Thermal security cameras are available in dome (left), fixed-site (center), and pan/tilt (right) configurations.

Thermal security cameras are either cooled or uncooled, referring to whether the infrared detector at the heart of the camera’s sensor needs to be cooled to cryogenic temperatures in order to create an image. Which type of imager is better depends largely on the needs of the specific application; each has advantages and weaknesses.

Cooled cameras are more sensitive to small differences in scene temperature than are uncooled cameras, meaning that they can see smaller objects from farther away, making cooled cameras more suitable for extremely long-range imaging in low-contrast environments. However, the cryocoolers used in these cameras have moving parts made to exacting mechanical tolerances that can wear out over time, requiring periodic maintenance as they get older. Often, a cooled imager’s life-limiting part will be the cooler itself or some component within it.

Uncooled thermal cameras — as the name implies — do not use cryogenic cooling. The most popular uncooled thermal security cameras use uncooled detectors called vanadium oxide (VOx) microbolometers. Uncooled sensors are typically sensitive to LWIR energy. Uncooled detectors are manufactured in fewer steps than those used in cooled sensors, use less expensive vacuum packaging, and — most significantly — don’t require costly cryocoolers.

Uncooled cameras have fewer moving parts and tend to have much longer service lives than cooled cameras under similar operating conditions, making them well-suited to security applications, which often require continuous camera operations. A cooled camera would require service after 1-2 years of such operation, while an uncooled camera could run uninterrupted for much longer.

With all of the advantages of uncooled cameras in mind, it begs the question: why use cooled cameras at all? The answer is that, as detection range requirements increase past a few miles, cooled thermal security cameras become more cost-effective because of the lens designs involved. One of the biggest cost drivers of a long-range uncooled camera system is the lens. As effective range requirements increase, the lenses for uncooled camera systems become expensive enough that it can often be cheaper to use a cooled thermal security camera with an equivalent focal length lens. Therefore, short- to extreme mid-range imaging can usually be done most cost-effectively with uncooled thermal security cameras, while their cooled counterparts are the best solutions when long-range imaging performance is called for.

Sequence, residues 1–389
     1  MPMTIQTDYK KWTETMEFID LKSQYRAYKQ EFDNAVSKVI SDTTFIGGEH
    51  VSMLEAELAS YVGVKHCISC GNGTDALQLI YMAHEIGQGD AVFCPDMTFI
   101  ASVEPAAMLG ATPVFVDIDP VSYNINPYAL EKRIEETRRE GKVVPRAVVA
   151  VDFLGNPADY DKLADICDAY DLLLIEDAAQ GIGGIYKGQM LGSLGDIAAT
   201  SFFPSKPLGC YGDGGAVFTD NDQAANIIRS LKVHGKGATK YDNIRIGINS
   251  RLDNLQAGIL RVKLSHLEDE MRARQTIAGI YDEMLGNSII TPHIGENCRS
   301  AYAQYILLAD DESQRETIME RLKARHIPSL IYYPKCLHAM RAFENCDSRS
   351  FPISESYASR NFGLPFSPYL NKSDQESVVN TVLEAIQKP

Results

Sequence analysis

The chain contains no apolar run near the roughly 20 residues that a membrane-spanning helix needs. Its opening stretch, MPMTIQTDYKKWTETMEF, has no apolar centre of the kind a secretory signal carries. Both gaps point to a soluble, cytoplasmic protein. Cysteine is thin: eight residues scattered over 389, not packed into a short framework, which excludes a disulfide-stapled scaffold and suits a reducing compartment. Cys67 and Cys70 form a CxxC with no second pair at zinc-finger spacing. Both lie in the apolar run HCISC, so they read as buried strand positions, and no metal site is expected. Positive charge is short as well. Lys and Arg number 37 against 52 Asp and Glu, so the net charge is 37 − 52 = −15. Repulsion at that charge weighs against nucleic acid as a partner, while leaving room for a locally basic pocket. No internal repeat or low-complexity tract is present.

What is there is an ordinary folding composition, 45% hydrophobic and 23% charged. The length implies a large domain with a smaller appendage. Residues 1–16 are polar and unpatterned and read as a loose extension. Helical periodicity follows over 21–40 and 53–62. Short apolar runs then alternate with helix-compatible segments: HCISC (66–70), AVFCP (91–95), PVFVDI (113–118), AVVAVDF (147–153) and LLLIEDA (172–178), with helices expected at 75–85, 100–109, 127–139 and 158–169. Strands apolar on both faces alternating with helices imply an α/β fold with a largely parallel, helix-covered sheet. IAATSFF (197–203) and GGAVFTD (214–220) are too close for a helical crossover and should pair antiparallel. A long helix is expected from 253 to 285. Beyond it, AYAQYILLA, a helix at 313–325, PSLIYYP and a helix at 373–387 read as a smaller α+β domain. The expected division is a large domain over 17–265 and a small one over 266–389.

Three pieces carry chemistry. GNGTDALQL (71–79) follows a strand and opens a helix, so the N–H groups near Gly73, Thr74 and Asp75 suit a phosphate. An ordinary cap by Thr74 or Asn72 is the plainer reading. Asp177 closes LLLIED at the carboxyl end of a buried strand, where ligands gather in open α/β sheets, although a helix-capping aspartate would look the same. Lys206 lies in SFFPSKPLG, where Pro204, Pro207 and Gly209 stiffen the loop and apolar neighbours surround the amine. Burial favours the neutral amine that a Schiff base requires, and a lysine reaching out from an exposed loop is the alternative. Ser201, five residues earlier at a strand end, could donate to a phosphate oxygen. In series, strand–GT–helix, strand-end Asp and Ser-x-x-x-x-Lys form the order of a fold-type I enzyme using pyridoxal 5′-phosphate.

Configurations

Thermal security cameras come in a variety of configurations, including fixed-site cameras and multisensor pan/tilt systems. As with the sensor differences just discussed, the different configurations each have their unique plusses and minuses.

Fixed-site cameras are obviously used to watch over defined areas, typically access points and areas of special concern or vulnerability. Because of their increased range capability compared to visible-light cameras, a handful of fixed-site thermal security cameras can cover an area that would require dozens of CCTV cameras.

 Pan/tilt cameras, whether single sensor thermal security cameras or multi-sensor systems with thermal and EMCCD lowlight cameras, are used to cover wider areas. Because pan/tilt thermal security cameras have longer lenses that are more sensitive to being buffeted by the wind, they often include some type of stabilization capability as well, either physical stabilization of the pan/tilt mechanism done with internal gyroscopes, or electronic image stabilization. High-performance systems will also include laser rangefinder and digital magnetic compass payloads that allow the sensor package to precisely geo-locate anything in its field of view.